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Sisters with superpowers, like Michelle Obama and Oprah, ignite the spark

Photo courtesy Munson Steed

From Michelle Obama to Oprah Winfrey, Ava DuVernay, Taraji P. Henson and so many more, sisters with superpowers serve as lighthouses and ignite the spark in others who are growing and cultivating their own respective superpowers. These women not only serve as mentors to millions, they are proving, time and time again, that Black girl magic is real and that women of color are sisters with superpowers who can accomplish anything they put their minds to.

These sisters with superpowers abound in every industry imaginable. They are those who are in the corporate layer, from the brilliant minded Rosalind Brewer, chief operating officer at Starbucks (previously the CEO of Sam’s Club), to the U.S. Senate, where Kamala Harris recently made history by becoming the second Black female senator in U.S. history, representing California (D). Women of their caliber recognize the need for sisters all around to give their very best on so many levels, without hesitation or fear. They confirm by their very being that we need sisters with superpowers.

There are sisters with superpowers like Tamika D. Mallory, an activist and the national co-chair for the Women’s March movement, who fights for justice. And there are groups like the National Council of Negro Women, Inc., and its current national executive director, Janice L. Mathis, who is modernizing the organization along with national chairperson and Detroit native, Ingrid Saunders Jones. Both women keep a focus on serving with highest level service imaginable and uplifting Black women everywhere.

Then there are the parents, the den mothers and the laborers who continue to nurture young powerful and successful sisters with superpowers as they grow up with an understanding of their need to code in STEM-related fields, their need to understand commerce, their need to understand learning a second language, and so much more.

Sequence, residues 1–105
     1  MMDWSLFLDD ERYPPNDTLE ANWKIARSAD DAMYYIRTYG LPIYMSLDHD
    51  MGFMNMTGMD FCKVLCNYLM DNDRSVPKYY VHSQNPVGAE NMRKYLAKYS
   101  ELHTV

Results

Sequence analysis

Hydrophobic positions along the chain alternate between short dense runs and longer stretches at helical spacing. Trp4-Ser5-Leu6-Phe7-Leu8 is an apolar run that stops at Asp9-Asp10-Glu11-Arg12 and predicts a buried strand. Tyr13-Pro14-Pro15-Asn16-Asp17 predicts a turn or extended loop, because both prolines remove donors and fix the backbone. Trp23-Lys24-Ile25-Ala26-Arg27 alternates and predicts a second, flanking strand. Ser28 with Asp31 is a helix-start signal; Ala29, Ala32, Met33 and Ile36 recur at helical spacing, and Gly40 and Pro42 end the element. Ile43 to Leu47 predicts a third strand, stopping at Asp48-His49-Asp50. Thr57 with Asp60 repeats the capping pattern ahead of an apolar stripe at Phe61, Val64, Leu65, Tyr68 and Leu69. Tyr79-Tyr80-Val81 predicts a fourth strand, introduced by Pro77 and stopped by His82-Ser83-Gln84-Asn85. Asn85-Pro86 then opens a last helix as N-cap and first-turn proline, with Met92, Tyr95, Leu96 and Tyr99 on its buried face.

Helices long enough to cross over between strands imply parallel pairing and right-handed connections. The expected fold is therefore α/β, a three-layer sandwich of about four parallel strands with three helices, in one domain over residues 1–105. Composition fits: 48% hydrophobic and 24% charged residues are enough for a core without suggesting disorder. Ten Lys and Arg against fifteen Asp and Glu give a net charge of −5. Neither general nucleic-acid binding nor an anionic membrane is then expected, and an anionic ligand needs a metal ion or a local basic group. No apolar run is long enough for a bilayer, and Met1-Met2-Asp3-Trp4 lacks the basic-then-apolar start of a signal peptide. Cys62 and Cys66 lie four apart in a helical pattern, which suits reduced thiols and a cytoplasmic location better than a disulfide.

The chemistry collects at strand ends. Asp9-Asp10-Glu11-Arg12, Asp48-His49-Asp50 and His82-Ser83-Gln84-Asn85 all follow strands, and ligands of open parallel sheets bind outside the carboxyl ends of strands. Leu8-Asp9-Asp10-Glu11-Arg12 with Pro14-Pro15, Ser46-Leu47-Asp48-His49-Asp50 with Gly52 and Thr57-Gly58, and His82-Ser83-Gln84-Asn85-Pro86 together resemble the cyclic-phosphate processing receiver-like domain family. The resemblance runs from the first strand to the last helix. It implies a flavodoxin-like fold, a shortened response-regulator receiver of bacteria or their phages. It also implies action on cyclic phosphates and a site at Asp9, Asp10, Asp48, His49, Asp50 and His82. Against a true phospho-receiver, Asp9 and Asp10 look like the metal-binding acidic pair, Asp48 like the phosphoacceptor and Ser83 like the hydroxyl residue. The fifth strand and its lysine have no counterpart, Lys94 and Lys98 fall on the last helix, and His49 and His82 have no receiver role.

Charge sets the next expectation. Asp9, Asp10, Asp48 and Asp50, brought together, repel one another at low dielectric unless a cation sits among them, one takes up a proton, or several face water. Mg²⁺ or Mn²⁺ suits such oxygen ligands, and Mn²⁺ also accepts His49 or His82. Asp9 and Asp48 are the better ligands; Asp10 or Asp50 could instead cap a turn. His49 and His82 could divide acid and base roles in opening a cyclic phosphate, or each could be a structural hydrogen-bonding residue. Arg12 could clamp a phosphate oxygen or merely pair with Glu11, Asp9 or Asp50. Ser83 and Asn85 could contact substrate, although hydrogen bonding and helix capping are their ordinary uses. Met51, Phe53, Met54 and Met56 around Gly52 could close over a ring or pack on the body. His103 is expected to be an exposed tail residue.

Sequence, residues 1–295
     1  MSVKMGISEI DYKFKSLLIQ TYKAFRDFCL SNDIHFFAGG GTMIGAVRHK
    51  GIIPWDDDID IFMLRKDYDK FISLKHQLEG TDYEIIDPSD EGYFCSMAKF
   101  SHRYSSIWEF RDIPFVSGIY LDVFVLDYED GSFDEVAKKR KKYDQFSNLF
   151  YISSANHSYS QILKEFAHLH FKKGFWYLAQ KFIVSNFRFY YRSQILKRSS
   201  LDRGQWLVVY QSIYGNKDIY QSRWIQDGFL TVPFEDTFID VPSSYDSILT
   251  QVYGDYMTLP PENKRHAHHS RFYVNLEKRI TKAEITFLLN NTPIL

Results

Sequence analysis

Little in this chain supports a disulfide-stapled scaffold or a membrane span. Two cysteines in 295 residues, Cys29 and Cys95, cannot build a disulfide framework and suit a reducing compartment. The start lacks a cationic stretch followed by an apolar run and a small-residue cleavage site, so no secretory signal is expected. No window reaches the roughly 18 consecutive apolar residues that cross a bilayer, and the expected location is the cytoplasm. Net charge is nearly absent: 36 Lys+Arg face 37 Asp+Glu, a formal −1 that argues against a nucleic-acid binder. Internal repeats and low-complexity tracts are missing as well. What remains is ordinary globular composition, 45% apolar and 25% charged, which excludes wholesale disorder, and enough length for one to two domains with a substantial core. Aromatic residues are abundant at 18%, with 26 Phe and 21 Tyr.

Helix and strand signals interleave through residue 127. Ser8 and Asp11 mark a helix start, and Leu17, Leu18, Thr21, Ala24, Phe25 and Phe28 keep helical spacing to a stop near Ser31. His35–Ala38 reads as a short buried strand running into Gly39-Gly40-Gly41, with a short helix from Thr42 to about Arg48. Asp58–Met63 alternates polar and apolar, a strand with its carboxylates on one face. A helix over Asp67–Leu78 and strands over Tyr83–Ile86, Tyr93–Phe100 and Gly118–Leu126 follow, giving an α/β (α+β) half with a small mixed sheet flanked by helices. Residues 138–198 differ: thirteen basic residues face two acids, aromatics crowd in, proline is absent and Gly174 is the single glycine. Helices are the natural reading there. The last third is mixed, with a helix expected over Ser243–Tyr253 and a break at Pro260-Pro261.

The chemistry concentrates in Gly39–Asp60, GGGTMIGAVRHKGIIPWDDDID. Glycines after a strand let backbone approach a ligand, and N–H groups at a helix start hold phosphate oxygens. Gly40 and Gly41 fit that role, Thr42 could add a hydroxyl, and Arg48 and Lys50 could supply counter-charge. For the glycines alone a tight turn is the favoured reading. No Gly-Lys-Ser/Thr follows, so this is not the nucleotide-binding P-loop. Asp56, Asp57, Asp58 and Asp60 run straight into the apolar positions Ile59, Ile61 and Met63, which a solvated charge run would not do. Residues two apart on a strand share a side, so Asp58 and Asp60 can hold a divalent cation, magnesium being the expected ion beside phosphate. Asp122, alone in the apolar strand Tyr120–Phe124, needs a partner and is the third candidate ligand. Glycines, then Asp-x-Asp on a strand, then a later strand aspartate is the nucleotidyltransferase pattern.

I met a couple of these young girls as they were actually on the sidewalk in front of a retail establishment I was patronizing. They wanted me to support their den mother in purchasing several boxes of Girl Scout cookies, which, of course, I obliged. My only request of them in return of my purchase was that they take a photo with me so that I could share it on my social media pages. I then called the girl’s father, and commended him along with his wife, on their accomplishments of raising young sisters with superpowers and helping them to groom their superpowers from a very young age. I thanked them for allowing me to participate in their commerce and grooming exercises with their daughters. I thanked the mother and father for sharing the vision and images of their young daughters, who just may become the next Venus and Serena Williams of the future.

In the quest to understand excellence, you first need to understand how to experience excellence. All of these are examples of the cultivating factors of what makes up superpowers and instills them into our African American sisters. It’s not until these women recognize they’re being utilized, until they solve a problem or give the value of awesomeness that they continue to serve with women of the same gender, but different hues. These women continue to grow stronger and wiser as they forge alliances, and as they nurture other sisterhood pacts beyond those we recognize today.

African American women are flexing their superpowers every day in a myriad of ways. Mothers, grandmothers, godmothers, aunts, den mothers and sisters are doing the work, imparting the wisdom, walking in their might and, oh yes, they are definitely showing the world what it means to be powerful. They don’t have names or faces that we recognize but we acknowledge their courage, their beauty, their magnificence. We thank you, sisters, with superpowers, for continuing to make the human race better while healing and protecting the world.